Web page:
Concert points to the direction forward
There were two predominant thoughts running through my brain all Saturday night at the Earl Cameron Theatre, as a near-capacity audience was gifted with the world-class performance of Bermuda Jazz, the Bermuda Festival’s second local offering for 2014.
“I miss Hubie’s” and “Bermuda needs a supper club” ran the litany.
(For those not in the know, Hubie’s was a little, unpretentious jazz club where musicians, local and visiting, could go to jam. There was a bar, a few tables, and space for no more than about ten couples to dance, but the music … the MUSIC was dynamite!).
Every one of the artists on Saturday night, both musicians and vocalists, was a seasoned performer and clearly at the top of their game.
They not only displayed a love for their craft and a patent enjoyment in performing, they could have held their own on any international stage!
It is a crying shame that there is no venue for them, and for other locals equally accomplished, to be heard on a regular basis. OK. Political rant over, but trust me, not forgotten!
Saturday night’s programme was billed as Toni Bari and Friends, and Toni, a transplanted Bostonian resident here for the last 30 years, filled the role of MC, band leader and primary soloist to the hilt.
He has an extensive array of credits and an impressive command of both piano and organ.
Opening the first set of evening with a Music of the Night Medley, including Andrew Lloyd Weber’s composition of the same name, Arthur Schwartz’ “You and the Night and the Music”, and Cole Porter’s “Night and Day”, Toni was then joined by Stan Gilbert on guitar and Ronnie Lopes on drums for another medley.
Van Morrison’s “Moondance” featured Ronnie Lopes’ surprisingly tuneful, gravelly voice on vocals, followed by an instrumental version of Lionel Hampton and Sonny Burke’s “Midnight Sun.” The trio as then augmented by the addition of Conrad Roach, who is more than competent on trumpet and flugelhorn.
He was featured in two Dizzy Gillespie selections, “Groovin’ High” and “Night in Tunisia”, and stayed to jam on Jimmy Giuffre’s “Four Brothers.”
Being an aficionado of female vocalists, the next two artists just blew me away with their flawless voices!
Gita Blakeney, last heard fronting Quincy Jones’ band at a Bermuda Jazz Festival, only gets better and better.
Her offering of a ‘Here’s to Life’ Medley which included Artie Butler’s composition of the same name, Cole Porter’s “What is this Thing Called Love,” Nat King Cole’s “L-O-V-E,” Jobim’s “One Note Samba,” Webster and Burke’s “Black Coffee” which was a standout performance, and Ellington’s “It Don’t Mean a Thing if it Ain’t Got that Swing,” with Conrad Roach skilfully adding his trumpet and mute to the tuneful mix, only had one complaint from me.
The programme notes indicate that the medley was to have included Michel LeGrande’s “What Are You Doing the Rest of Your Life” a personal favourite, last heard sung by Violeta Carmichael accompanied by the late, very great Lance Hayward (please excuse the totally shameless plug). I’m sorry it was excluded, as Gita’s dulcet tones would surely have done the song credit.
The second set opened with Sheila Smith, another personal favourite who is always in great demand for private parties and who also plays piano for her church, in full voice and fine form! Dubbed by Toni as Bermuda’s Queen of Soul, her style of hair and dress for the evening personified a 40s sultry diva as she shared that her song choices were built around this year’s full moon on Valentine’s Day, when this performance was originally scheduled to take place.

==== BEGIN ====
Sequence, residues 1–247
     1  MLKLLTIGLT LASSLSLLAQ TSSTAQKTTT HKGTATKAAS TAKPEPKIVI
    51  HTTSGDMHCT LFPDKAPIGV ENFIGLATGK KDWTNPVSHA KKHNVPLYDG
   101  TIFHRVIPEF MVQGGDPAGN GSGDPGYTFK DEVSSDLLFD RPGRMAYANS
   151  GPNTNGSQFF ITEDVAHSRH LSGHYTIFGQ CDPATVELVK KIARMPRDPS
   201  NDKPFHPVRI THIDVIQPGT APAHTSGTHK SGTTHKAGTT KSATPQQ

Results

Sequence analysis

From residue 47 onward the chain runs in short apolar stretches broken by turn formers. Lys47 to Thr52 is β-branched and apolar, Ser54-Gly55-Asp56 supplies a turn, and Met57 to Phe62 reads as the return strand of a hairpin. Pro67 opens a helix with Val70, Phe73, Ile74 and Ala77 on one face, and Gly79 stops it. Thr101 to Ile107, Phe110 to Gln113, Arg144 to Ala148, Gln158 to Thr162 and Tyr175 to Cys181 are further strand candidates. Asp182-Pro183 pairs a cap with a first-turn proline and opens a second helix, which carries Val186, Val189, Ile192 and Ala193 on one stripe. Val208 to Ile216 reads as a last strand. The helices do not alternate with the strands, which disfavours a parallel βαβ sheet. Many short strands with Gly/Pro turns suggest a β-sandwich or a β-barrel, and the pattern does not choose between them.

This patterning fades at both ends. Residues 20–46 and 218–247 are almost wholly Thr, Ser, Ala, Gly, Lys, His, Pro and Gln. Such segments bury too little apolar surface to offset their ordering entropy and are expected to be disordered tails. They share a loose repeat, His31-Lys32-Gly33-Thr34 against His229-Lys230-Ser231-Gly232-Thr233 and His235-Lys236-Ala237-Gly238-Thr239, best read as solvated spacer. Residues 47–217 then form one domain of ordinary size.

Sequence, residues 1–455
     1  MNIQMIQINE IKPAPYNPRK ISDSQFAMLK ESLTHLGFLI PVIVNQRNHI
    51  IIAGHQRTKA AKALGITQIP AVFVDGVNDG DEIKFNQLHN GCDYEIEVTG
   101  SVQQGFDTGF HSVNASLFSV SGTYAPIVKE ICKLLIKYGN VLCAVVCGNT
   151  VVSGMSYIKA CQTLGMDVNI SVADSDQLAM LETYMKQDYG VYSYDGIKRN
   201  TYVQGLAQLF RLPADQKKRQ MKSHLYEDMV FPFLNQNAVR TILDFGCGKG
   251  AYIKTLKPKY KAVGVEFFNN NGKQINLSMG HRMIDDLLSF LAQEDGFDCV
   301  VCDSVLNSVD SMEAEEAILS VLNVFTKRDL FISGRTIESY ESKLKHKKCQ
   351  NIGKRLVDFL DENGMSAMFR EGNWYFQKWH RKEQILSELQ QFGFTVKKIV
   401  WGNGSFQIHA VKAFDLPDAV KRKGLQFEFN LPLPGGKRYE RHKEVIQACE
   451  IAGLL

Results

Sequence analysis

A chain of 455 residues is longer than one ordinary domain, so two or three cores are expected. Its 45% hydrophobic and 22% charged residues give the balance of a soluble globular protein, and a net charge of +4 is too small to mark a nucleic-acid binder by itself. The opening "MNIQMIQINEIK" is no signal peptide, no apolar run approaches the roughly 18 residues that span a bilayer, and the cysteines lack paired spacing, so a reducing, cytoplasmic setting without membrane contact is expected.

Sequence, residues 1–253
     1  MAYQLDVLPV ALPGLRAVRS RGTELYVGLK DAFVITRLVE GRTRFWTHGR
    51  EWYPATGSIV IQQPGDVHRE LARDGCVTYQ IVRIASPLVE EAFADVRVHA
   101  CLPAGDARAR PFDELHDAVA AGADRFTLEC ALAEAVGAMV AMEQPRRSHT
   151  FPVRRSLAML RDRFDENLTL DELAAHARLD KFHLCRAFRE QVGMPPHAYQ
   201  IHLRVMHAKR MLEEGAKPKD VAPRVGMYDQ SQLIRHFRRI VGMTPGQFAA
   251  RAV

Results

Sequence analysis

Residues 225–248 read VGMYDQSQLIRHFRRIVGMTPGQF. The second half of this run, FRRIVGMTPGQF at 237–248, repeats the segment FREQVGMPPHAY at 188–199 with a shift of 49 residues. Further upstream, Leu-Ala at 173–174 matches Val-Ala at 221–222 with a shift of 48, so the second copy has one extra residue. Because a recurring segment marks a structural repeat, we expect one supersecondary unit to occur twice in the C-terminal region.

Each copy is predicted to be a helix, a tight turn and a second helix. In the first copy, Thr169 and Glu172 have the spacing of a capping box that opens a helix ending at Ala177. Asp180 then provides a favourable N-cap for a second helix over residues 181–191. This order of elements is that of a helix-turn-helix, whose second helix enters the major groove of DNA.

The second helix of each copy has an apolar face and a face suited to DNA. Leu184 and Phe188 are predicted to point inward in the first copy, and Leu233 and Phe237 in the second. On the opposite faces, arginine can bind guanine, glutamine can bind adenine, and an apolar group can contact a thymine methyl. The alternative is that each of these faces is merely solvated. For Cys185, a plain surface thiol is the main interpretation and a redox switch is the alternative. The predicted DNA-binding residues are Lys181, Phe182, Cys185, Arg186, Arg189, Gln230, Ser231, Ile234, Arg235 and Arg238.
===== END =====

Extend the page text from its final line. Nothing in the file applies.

The selections included Harry Woods’ “What a Little Moonlight Can Do,” Rodgers&Hart’s “My Funny Valentine,” Arlen&Mercer’s “Ole Black Magic,” Jobim’s hauntingly lovely “Quiet Night and Quiet Stars,” which was dedicated to the memory of Milt Robinson, master guitarist, and Matt Denis’ eerie “Angel Eyes”.
Throughout both sets, Stan’s skilful guitar playing and Ronnie’s tasteful drumming provided the best kind of accompaniment a singer could ask for, with some very enjoyable solos thrown in.
The third set was heralded by Toni accompanying himself, singing an unscheduled “Everything Must Change” as the onstage band line-up switched to Denton Leader on drums, Derek Simmons on lead guitar, Dennis Francis on bass, Jade Minors on sax, and featuring Earl Leader on timbales and vocals.
Mr Leader’s smooth vocals in Victor Young’s “Stella By Starlight” suffered a little, first by having to follow those two strong female voices, and also because his voice was occasionally drowned out by the band, but he fully made up for it with his electrifying solo performance on the timbales during Stevie Wonder’s “Don’t You Worry ‘Bout a Thing”.
In between, we were gifted with Al Jarreau’s “Morning” with a strong Yamaha organ solo by Toni, followed by Grover Washington’s “Wine Light,” where the formidable Jade Minors on tenor sax was allowed to shine.
Derek’s guitar solos were pure joy and Denton laid out some fascinating solo rhythms.
Despite the late hour, it seemed the evening ended all too soon with the entire ensemble on stage.
Earl once again took the vocal lead with Gita, Sheila and Ronnie singing backup for Bill Wither’s “Lovely Day,” and an exciting Earth, Wind and Fire’s “That’s the Way of the World”.
Overheard as the audience was exiting the theatre was the multi-echoed desire for the ensembles’ annual inclusion in the Bermuda Festival line-up. I couldn’t agree more.
I would only add the wish that we could be gifted with such fabulously superlative music much more often than once a year. I sincerely hope the show was recorded.
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